DEFINITION of Linked Savings Account

A linked savings account is any type of bank savings account that is linked by account number to a checking or negotiable order of withdrawal (NOW) account. These are offered for the convenience of the customer, who can keep the majority of the funds in the savings account and move money over into the demand account as needed. This can also qualify the customer for reduced service charges or free checking.

BREAKING DOWN Linked Savings Account

Linked accounts are sometimes called packaged accounts. The balances on both this account and the checking or NOW accounts are generally reported on a single consolidated statement. This arrangement also often allows the customer to receive a higher rate of interest in the savings account on the bulk of the money.

How Linked Savings Accounts Are Used

Other types of accounts, such as a certificate of deposit or debit card, can also be connected to a savings account under a linked account. With the combination of accounts, there can be new guidelines and rules for the account holder. For example, a bank may set a minimum balance where the interest rate is elevated higher than the yield from a traditional savings account. The intent under such terms is to encourage the account holder to continue to put funds into the linked accounts.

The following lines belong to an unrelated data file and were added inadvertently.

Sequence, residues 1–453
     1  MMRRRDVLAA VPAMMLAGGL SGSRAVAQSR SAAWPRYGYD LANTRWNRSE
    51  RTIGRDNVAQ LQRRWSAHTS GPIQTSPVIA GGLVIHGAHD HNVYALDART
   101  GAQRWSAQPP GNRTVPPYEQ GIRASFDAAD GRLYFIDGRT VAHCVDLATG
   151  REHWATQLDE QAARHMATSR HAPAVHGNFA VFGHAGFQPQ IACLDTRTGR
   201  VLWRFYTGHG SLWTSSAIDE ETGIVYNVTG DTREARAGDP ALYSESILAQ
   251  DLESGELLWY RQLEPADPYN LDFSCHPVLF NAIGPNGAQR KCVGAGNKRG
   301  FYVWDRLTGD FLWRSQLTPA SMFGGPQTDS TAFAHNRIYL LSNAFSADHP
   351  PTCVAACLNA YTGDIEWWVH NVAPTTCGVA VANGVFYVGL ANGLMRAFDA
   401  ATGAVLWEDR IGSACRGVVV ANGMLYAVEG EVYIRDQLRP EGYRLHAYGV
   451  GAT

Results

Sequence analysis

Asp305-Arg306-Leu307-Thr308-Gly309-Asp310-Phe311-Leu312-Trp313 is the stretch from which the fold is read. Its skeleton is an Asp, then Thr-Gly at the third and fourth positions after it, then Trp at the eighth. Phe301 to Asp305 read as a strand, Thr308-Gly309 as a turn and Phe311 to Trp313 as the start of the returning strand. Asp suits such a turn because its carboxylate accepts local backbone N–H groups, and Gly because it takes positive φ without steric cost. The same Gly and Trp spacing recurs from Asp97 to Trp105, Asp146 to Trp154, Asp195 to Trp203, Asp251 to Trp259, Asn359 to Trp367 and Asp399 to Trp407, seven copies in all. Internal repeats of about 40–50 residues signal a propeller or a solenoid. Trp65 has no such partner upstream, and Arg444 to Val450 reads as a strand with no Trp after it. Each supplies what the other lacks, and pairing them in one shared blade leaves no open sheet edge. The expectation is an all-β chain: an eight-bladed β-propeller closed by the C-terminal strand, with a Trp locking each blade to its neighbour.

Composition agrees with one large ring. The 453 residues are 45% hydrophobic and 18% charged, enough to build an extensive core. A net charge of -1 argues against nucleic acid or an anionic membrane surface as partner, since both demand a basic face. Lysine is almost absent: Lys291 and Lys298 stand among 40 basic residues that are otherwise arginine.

Conversely, the terms of a linked savings account might apply the higher interest rate only toward funds under a certain amount, as a way to attract new customers.

Account holders could face higher costs with linked accounts. If a debit card, for example, is linked to a savings account, using the debit card as frequently and to the same degree as cash could rapidly drain the account of funding. Should the account fall below the minimum balance, fees may be triggered. Furthermore, the transactions themselves may incur fees.

Who Should Use These Accounts?

The way a linked savings account is structured may be more to the advantage of the institution. The terms could drive customers to keep their funds in the account on a long-term basis, with costs and penalties that are triggered against withdrawals. This can mean customers who are in the habit of accessing funds from one type of account may not be readily aware of the fees they may incur by continuing with such behavior with linked accounts. As a result, customers who do not need regular access to their assets (which will, in effect, be tied up) may be the most likely to benefit from establishing linked savings accounts.